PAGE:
In two experiments, we examined the role of differential levels of knowledge between the genders in different domains, which we term gender expertise, in accounting for differences in episodic memory performance. In Experiment 1, we validated the assumption of differential gender expertise among men and women and selected the categories for the subsequent experiments. In Experiment 2, participants from both genders studied exemplars from these female-oriented, male-oriented, and gender-neutral categories and were tested after 24 hours on studied items, critical lures, and unrelated lures. A gender-congruity effect was found in terms of the recognition rates of both studied items and critical lures: Participants from each gender recognized more studied items and more critical lures from gender-congruent categories than from gender-incongruent categories. A parallel pattern of results was found for subjective confidence, supporting the notion that gender congruity enhanced the phenomenological experience that an item was studied. Our findings highlight the unique role of gender expertise in accounting for gender-congruity effects in episodic memory performance, using a well-defined operationalization of gender expertise. These findings show that in addition to benefits in terms of enhancing true memory, gender expertise also has a “dark side” of increasing false memories.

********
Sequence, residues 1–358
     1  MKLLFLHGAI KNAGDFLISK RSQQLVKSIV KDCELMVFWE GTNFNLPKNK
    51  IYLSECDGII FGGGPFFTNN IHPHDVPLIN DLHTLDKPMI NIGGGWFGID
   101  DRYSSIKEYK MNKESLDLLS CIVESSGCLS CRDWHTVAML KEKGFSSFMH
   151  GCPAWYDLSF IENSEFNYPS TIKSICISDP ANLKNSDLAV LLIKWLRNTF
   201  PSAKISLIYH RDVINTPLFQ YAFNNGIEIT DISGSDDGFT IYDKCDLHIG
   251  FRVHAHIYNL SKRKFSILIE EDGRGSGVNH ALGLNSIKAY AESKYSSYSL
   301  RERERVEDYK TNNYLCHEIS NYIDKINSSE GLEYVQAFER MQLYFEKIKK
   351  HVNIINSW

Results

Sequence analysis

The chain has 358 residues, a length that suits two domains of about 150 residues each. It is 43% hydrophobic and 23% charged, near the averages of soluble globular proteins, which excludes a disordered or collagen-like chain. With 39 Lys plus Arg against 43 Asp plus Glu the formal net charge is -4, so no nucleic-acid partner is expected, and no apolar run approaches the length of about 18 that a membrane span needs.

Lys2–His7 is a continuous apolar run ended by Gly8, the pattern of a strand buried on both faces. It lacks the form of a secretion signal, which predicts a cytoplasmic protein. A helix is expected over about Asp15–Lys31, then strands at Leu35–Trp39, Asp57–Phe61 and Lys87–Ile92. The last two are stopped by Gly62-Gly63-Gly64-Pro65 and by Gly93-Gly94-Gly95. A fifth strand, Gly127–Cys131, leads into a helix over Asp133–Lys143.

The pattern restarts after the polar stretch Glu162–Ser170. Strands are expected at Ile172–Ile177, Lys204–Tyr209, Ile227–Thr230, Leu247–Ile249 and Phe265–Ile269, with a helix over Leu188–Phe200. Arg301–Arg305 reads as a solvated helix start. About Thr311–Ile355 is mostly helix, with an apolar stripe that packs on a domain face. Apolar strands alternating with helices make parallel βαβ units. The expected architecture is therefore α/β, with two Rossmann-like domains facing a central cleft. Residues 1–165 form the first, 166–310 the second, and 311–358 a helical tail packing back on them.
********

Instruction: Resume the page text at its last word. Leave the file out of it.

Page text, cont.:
|Number of pages||9|
|Journal||Memory and Cognition|
|State||Published - 15 Feb 2019|
Bibliographical notePublisher Copyright:
© 2018, Psychonomic Society, Inc.
- False memory
- Gender differences
ASJC Scopus subject areas
- Neuropsychology and Physiological Psychology
- Experimental and Cognitive Psychology
- Arts and Humanities (miscellaneous)